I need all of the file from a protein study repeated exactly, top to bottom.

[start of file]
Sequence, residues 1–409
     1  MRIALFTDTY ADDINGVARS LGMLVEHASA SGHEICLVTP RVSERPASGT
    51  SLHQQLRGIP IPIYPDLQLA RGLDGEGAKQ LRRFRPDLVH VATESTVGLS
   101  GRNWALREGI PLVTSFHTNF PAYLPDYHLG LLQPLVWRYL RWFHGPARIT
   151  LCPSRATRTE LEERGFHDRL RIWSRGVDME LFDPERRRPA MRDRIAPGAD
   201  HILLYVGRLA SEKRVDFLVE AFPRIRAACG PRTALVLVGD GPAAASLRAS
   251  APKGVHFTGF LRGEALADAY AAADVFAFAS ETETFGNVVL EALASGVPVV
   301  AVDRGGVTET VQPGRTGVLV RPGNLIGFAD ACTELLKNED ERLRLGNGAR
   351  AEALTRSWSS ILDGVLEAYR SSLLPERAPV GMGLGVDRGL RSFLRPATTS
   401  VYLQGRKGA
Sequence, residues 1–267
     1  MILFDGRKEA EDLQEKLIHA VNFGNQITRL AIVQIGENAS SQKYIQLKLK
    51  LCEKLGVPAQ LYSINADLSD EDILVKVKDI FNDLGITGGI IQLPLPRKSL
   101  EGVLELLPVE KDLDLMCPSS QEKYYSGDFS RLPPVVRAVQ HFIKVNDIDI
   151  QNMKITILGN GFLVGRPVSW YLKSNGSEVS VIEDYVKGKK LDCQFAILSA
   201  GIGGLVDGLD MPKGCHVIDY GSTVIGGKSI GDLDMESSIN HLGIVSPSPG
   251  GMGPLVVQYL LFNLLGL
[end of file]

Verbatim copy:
Sequence, residues 1–409
     1  MRIALFTDTY ADDINGVARS LGMLVEHASA SGHEICLVTP RVSERPASGT
    51  SLHQQLRGIP IPIYPDLQLA RGLDGEGAKQ LRRFRPDLVH VATESTVGLS
   101  GRNWALREGI PLVTSFHTNF PAYLPDYHLG LLQPLVWRYL RWFHGPARIT
   151  LCPSRATRTE LEERGFHDRL RIWSRGVDME LFDPERRRPA MRDRIAPGAD
   201  HILLYVGRLA SEKRVDFLVE AFPRIRAACG PRTALVLVGD GPAAASLRAS
   251  APKGVHFTGF LRGEALADAY AAADVFAFAS ETETFGNVVL EALASGVPVV
   301  AVDRGGVTET VQPGRTGVLV RPGNLIGFAD ACTELLKNED ERLRLGNGAR
   351  AEALTRSWSS ILDGVLEAYR SSLLPERAPV GMGLGVDRGL RSFLRPATTS
   401  VYLQGRKGA
Sequence, residues 1–267
     1  MILFDGRKEA EDLQEKLIHA VNFGNQITRL AIVQIGENAS SQKYIQLKLK
    51  LCEKLGVPAQ LYSINADLSD EDILVKVKDI FNDLGITGGI IQLPLPRKSL
   101  EGVLELLPVE KDLDLMCPSS QEKYYSGDFS RLPPVVRAVQ HFIKVNDIDI
   151  QNMKITILGN GFLVGRPVSW YLKSNGSEVS VIEDYVKGKK LDCQFAILSA
   201  GIGGLVDGLD MPKGCHVIDY GSTVIGGKSI GDLDMESSIN HLGIVSPSPG
   251  GMGPLVVQYL LFNLLGL